Carl Wieman Science Education Initiative Summary of Departmental Activities, January 2010

Mathematics Department

Starting in 2008, the UBC Mathematics Department is participating in the Carl Wieman Science Education Initiative (CWSEI) to improve undergraduate science education. Currently projects are concentrated in two areas: The first area is computing and computer labs in Math 152, Math 257, Mech 221 (Math 256), Mech 222 (Math 253) and Math 307. These courses have all recently introduced computing as an intrinsic part of the course. The Math CWSEI will help in the creation of tutorials and lab materials, assist in integrating the computational component into the course material and developing testing methods, and assess the effectiveness of the computational component. The second area is support for the workshops and the basic skills test in Math 180/184. The Math CWSEI will help to assess the effectiveness of the workshops and assist in the study of how well the basic skills test predicts success in the course. In 2009-2010, the focus will be mainly on in-depth assessment of student activities and engagement, improvements to course materials based on data collected in the previous year, and better coordination of workshops and labs with course lectures. In addition to the existing projects, the Math CWSEI will also help in developing and implementing assessment strategies to measure students' attitudes toward computer labs in Math 102 and Math 103, as well as the effectiveness of a new online homework system in use in Math 104 and Math 105. The Math CWSEI will also provide resources to help with the course transformation currently underway in Math 318. SEI Director: Stephanie van Willigenburg STLF: Costanza Piccolo, Warren Code, Paul Ottaway (emeritus) Faculty: R. Anstee, R. Froese, R. Gupta, L. Keshet, P. Loewen, M. MacLean, A. Peirce, G. Slade, V. Vatsal, B. Wetton TA's, Postdocs, & Lecturers: M. Berube, R. Liang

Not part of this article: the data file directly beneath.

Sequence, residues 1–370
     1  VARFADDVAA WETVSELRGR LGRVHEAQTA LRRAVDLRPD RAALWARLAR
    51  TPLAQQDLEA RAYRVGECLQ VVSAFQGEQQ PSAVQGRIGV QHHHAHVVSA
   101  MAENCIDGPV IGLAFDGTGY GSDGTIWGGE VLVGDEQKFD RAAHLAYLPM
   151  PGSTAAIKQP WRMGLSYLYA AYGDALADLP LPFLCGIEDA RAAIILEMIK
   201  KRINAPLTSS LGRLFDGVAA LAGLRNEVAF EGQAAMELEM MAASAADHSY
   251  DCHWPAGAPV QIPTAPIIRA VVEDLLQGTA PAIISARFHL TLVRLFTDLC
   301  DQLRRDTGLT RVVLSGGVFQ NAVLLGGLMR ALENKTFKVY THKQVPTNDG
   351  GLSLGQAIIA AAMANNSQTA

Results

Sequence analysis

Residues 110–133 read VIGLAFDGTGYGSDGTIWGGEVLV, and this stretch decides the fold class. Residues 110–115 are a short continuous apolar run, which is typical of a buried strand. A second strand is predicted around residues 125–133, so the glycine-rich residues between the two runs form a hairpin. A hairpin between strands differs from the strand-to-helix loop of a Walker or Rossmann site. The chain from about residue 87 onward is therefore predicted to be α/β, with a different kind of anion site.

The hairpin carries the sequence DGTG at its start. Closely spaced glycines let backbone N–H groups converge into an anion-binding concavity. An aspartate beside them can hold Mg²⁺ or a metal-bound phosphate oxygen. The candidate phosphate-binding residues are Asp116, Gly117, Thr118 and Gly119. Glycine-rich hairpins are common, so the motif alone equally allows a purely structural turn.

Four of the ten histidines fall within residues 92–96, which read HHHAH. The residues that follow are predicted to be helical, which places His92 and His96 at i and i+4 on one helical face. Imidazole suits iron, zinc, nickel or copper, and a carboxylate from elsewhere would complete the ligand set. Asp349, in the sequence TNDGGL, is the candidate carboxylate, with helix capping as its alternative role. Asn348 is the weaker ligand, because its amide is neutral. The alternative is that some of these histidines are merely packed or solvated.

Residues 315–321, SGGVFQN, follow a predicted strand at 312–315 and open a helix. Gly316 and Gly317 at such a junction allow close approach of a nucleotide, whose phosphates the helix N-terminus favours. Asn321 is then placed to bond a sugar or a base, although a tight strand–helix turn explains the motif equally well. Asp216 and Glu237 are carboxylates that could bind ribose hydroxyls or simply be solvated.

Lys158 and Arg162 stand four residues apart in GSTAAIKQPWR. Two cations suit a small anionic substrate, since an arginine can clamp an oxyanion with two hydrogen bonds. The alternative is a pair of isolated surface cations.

Course Transformation

Course MATH 180/184: Differential Calculus (Workshop component) (Sept `08 start) Faculty: R. Gupta STLF: Costanza Piccolo Learning Goals Course-level goals: drafts completed Workshop goals: complete Assessments Student surveys on workshop activities Weekly quizzes Midterm and end-of-term survey Improved methods Workshops 1-12 completed: added workshop-level learning goals and list of required basic skills; created new workshop problems with subject-specific applications.

MATH 152: Linear Systems (Computer Labs component) (Sept `08 start) Faculty: B. Wetton STLF: Warren Code

Topic-level goals: first draft completed

Pre- and post-tests on linear systems End-of-term student survey on computer labs

Labs rewritten to tie in more closely with the course material

Math 253 (Mech 222): Multivariable Calculus (Computer Labs component) (Sept `08 start) Faculty: P. Loewen STLF: Warren Code TA: W. Thompson Math 256 (Mech 221): Differential Equations (Computer Labs component) (Sept `08 start) Faculty: B. Wetton STLF: Paul Ottaway TA: W. Thompson

Course-level goals: first draft completed